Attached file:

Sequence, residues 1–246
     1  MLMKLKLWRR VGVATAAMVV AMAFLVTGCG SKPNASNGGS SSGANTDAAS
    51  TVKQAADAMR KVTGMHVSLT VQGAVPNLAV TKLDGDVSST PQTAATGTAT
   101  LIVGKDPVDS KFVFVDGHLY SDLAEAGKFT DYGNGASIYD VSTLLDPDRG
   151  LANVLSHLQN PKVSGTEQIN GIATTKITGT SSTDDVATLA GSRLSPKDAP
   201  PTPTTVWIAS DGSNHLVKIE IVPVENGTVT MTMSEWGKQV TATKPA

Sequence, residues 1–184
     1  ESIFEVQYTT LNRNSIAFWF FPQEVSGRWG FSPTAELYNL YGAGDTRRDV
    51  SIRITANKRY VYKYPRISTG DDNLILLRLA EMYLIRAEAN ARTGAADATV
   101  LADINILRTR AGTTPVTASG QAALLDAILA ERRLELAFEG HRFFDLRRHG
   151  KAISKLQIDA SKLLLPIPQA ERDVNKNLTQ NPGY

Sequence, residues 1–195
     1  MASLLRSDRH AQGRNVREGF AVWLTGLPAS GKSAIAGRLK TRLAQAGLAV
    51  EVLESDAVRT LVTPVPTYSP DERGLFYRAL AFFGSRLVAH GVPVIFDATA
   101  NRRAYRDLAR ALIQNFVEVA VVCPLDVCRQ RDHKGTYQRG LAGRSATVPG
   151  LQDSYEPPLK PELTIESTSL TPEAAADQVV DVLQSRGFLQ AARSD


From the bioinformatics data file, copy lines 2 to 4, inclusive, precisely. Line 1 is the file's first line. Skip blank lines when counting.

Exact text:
     1  MLMKLKLWRR VGVATAAMVV AMAFLVTGCG SKPNASNGGS SSGANTDAAS
    51  TVKQAADAMR KVTGMHVSLT VQGAVPNLAV TKLDGDVSST PQTAATGTAT
   101  LIVGKDPVDS KFVFVDGHLY SDLAEAGKFT DYGNGASIYD VSTLLDPDRG